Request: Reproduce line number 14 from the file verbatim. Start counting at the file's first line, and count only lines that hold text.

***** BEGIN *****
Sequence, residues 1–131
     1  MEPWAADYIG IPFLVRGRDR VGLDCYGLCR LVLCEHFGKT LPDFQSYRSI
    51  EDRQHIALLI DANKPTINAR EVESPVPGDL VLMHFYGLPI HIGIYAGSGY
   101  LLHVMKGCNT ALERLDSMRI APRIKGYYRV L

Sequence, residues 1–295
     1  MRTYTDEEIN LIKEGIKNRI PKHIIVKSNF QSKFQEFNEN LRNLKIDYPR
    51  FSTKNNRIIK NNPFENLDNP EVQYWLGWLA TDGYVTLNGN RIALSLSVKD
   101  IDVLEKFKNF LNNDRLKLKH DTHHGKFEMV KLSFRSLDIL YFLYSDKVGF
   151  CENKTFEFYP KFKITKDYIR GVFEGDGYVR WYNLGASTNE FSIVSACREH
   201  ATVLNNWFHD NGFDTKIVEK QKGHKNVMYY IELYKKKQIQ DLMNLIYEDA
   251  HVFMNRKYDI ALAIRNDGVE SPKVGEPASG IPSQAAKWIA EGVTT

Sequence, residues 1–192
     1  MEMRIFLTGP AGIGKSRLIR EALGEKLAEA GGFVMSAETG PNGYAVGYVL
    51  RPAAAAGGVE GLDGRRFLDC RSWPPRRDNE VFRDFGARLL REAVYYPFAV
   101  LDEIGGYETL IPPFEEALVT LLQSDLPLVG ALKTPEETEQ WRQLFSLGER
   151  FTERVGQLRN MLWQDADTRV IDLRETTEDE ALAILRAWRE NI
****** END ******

    51  RPAAAAGGVE GLDGRRFLDC RSWPPRRDNE VFRDFGARLL REAVYYPFAV